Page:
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17 April 2014 12:48 pm ,
Vol. 344 ,
An experimental hepatitis B drug that looked safe in animal trials tragically killed five of 15 patients in 1993. Now,...
Using the two high-quality genomes that exist for Neandertals and Denisovans, researchers find clues to gene activity...
A new report from the Intergovernmental Panel on Climate Change (IPCC) concludes that humanity has done little to slow...
Astronomers have discovered an Earth-sized planet in the habitable zone of a red dwarf—a star cooler than the sun—500...
Three years ago, Jennifer Francis of Rutgers University proposed that a warming Arctic was altering the behavior of the...
Officials last week revealed that the U.S. contribution to ITER could cost $3.9 billion by 2034—roughly four times the...
- 17 April 2014 12:48 pm , Vol. 344 , #6181
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Congress Gives Science Funding a Boost
22 July 1997 7:00 pm
Senator Arlen Specter (R-PA), chair of a spending panel that oversees the National Institutes of Health (NIH), kept to his word today, delivering a 7.5% increase for the agency's 1998 budget. Later in the day, the full Senate finished a major spending bill that offers relatively good news for researchers funded by NASA, the National Science Foundation (NSF), and the Environmental Protection Agency (EPA). Both moves augur well for science funding at a time when overall government spending is being cut to balance the federal budget.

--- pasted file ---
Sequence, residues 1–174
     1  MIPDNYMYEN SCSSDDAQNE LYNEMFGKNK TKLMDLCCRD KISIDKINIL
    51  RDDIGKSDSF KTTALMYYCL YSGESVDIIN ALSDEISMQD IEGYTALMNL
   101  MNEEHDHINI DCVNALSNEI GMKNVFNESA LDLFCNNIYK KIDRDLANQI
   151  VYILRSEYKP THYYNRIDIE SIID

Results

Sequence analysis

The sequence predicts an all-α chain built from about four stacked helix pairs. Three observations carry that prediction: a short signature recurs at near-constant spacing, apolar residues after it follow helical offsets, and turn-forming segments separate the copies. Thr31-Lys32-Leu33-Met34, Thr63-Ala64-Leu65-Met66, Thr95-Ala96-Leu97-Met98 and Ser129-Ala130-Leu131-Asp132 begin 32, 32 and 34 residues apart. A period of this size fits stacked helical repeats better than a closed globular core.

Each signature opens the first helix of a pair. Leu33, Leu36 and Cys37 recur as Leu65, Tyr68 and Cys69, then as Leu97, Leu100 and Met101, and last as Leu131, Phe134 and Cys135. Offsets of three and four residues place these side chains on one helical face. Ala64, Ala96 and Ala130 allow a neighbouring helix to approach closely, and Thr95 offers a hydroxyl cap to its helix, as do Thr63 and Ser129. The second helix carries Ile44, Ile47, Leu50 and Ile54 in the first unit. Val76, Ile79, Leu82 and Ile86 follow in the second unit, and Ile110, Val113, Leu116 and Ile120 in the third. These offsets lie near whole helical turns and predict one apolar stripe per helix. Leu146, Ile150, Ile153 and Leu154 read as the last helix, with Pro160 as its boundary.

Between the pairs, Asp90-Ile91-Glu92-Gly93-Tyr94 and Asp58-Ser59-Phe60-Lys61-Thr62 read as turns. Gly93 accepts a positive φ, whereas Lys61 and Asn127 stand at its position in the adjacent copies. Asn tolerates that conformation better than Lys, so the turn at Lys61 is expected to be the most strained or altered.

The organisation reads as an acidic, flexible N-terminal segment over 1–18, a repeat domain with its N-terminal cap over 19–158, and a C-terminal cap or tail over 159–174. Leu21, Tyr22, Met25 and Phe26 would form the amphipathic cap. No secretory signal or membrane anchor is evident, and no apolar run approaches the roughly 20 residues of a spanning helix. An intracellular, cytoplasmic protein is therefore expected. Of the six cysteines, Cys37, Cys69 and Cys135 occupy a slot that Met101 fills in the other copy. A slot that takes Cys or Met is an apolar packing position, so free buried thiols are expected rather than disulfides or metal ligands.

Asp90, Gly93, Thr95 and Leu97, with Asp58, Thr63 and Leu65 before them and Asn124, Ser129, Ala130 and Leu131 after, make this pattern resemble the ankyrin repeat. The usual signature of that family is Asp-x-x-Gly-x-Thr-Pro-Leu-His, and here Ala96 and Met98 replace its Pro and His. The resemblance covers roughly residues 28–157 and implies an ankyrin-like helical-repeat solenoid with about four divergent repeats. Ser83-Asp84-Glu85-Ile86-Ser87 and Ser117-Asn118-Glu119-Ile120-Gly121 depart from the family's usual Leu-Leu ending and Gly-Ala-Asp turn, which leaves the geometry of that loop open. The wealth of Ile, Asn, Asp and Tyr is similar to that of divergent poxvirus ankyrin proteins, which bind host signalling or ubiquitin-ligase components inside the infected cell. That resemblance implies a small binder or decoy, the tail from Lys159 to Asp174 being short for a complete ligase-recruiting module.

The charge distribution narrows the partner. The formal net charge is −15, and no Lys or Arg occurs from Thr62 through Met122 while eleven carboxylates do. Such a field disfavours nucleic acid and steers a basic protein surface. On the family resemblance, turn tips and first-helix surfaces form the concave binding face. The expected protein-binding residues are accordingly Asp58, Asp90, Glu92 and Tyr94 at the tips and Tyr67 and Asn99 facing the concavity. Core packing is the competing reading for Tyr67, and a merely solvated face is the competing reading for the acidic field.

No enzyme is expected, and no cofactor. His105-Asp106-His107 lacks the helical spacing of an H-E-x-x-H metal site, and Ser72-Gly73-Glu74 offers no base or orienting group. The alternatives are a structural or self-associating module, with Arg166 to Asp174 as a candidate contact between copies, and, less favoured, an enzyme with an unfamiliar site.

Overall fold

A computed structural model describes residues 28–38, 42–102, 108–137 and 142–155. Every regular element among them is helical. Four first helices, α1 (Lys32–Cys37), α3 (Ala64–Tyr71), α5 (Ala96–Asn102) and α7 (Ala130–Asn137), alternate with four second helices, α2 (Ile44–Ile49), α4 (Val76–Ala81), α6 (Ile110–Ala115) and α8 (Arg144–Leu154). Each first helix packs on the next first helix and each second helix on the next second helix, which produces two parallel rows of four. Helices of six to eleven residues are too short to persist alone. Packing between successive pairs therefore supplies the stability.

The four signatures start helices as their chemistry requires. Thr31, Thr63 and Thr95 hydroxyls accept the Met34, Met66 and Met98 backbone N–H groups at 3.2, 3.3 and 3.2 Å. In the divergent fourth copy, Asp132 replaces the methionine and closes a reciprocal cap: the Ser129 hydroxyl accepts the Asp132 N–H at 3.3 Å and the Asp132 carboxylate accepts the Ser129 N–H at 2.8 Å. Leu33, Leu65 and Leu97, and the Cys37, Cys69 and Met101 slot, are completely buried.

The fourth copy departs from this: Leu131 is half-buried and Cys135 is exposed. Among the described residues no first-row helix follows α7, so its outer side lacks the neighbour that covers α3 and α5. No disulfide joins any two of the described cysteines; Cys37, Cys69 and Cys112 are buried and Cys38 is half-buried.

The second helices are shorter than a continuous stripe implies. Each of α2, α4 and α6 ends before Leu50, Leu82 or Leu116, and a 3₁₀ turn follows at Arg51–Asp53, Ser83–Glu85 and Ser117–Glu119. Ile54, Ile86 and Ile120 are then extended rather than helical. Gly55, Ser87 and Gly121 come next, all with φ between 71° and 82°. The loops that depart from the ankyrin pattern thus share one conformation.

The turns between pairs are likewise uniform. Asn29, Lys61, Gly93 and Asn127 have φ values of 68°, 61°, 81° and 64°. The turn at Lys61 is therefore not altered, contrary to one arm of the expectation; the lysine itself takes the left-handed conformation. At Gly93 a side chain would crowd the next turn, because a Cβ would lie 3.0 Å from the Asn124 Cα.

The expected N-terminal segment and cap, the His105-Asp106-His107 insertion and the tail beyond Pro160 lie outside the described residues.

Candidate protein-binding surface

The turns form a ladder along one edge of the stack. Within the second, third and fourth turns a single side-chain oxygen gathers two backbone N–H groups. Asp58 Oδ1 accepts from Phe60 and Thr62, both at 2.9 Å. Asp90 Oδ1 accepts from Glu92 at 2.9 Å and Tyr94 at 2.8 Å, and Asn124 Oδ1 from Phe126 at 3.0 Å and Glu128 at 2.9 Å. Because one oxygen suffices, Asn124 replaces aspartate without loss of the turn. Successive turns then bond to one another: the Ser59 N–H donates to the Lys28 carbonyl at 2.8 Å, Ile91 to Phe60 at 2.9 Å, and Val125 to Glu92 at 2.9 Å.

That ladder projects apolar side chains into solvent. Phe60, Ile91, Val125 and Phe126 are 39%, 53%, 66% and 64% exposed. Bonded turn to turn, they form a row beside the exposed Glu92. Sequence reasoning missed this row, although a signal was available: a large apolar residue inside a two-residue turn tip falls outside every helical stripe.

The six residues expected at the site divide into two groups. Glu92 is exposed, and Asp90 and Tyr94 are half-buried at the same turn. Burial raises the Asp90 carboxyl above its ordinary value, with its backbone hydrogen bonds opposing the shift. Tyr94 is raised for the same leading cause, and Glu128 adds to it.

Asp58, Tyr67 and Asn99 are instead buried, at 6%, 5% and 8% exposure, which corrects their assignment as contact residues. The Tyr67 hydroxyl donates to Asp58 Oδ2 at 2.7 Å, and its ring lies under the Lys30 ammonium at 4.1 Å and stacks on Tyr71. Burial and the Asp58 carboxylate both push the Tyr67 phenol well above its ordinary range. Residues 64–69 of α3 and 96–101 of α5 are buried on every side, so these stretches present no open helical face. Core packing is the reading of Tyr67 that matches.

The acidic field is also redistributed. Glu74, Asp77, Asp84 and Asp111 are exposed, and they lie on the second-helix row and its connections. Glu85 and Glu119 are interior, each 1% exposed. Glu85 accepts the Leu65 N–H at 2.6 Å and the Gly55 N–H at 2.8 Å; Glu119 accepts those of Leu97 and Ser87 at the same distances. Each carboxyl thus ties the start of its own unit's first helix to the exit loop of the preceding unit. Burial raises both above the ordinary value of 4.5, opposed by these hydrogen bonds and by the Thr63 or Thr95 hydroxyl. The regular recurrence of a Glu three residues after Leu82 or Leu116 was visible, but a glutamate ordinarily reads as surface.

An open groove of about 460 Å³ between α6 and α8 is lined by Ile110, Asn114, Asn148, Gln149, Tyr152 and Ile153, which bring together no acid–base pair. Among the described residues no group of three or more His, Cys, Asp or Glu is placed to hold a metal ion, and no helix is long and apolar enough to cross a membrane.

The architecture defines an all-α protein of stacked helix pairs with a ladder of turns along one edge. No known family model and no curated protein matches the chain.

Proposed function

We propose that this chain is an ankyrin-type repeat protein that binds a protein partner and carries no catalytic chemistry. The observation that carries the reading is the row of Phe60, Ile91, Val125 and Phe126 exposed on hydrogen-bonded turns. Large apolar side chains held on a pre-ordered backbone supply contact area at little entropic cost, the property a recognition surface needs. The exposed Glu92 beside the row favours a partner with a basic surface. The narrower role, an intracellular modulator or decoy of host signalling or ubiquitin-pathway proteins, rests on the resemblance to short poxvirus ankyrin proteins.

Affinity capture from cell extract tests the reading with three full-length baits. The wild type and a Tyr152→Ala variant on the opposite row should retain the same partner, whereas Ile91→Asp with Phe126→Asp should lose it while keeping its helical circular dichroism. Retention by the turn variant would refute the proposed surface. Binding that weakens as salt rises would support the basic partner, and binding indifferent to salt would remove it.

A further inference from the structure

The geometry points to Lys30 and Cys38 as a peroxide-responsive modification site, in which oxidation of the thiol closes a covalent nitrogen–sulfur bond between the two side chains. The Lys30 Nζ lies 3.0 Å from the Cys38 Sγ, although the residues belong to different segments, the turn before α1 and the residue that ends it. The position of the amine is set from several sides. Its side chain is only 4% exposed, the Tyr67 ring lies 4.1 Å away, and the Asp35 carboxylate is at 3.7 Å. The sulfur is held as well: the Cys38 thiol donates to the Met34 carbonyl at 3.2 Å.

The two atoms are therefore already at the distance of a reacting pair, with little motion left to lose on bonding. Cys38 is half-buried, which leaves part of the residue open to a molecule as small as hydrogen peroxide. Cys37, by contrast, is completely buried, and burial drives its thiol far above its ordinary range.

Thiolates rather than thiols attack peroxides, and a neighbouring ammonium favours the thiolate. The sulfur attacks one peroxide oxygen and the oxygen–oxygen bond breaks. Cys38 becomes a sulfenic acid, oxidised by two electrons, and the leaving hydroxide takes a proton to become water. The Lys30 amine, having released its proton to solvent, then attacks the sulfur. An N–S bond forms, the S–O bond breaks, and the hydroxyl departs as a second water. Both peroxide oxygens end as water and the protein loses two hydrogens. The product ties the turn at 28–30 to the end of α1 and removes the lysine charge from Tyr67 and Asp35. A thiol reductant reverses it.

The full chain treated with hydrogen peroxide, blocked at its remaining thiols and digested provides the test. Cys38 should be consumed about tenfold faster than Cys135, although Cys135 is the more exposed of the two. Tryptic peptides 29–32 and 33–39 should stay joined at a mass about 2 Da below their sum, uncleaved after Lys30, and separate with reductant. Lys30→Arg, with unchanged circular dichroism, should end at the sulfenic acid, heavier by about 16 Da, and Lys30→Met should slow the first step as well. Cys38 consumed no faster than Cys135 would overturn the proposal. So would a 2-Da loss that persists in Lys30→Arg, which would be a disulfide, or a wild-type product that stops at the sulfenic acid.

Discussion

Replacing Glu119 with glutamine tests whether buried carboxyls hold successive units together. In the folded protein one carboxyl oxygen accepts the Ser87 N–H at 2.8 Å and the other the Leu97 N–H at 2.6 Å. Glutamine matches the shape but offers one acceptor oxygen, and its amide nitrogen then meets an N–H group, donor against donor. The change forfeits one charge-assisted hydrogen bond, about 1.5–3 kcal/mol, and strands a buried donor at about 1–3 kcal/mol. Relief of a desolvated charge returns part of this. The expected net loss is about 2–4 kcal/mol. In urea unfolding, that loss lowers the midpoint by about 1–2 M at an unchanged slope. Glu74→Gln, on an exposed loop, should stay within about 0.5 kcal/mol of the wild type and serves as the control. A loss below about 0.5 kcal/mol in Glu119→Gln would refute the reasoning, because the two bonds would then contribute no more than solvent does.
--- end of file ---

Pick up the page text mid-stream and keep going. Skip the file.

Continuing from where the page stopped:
Today's action by the Labor, Health and Human Services, and Education appropriations subcommittee, which Specter chairs, would give NIH a $952 million increase over current spending and lift its 1998 budget to almost $13.7 billion. The next stop for the bill is the full appropriations committee, followed by a floor vote before Congress leaves for a monthlong August recess. Last week the House voted a 6% increase, which was more than double the president's 1998 request. A final bill, reconciling differences in the House and Senate versions, is expected to be hammered out in September.
The Senate bill for NASA, NSF, and EPA is part of a larger appropriation that includes housing and veterans' care. Despite tight limits on overall spending levels for those agencies, legislators managed to stay close to the president's request for research in most programs while falling short of the more generous allocation already approved by the House. For NSF, that would mean a $10 million hike in its $3.367 billion request but $110 million below the House level, while for NASA, the $13.5 billion matches the president's level and falls $148 million below the House. EPA's science and technology programs would receive $600 million, $56 million less than the House has allotted and $15 million below the president's request.
Senators placed strings on some of these funds, however. For NSF officials, the most egregious was a provision to move a proposed $25 million Polar Cap Observatory from Canada's Northwest Territory, near the magnetic north pole, to a Defense Department ionospheric research laboratory under construction in southern Alaska. Scientists say that the new location would severely hamper the facility's ability to monitor unique upper atmospheric conditions at the pole, but the spending panel, on the advice of Senator Ted Stevens (R-AK), said it would avoid "wasteful duplicate investments." Legislators also ordered NSF to begin a $40 million plant genome initiative within its regular research program, a project trumpeted by the Corn Growers Association and hailed by Senator Kit Bond (R-MO), chair of the Senate panel that oversees NSF, as "critical to future food production and human health."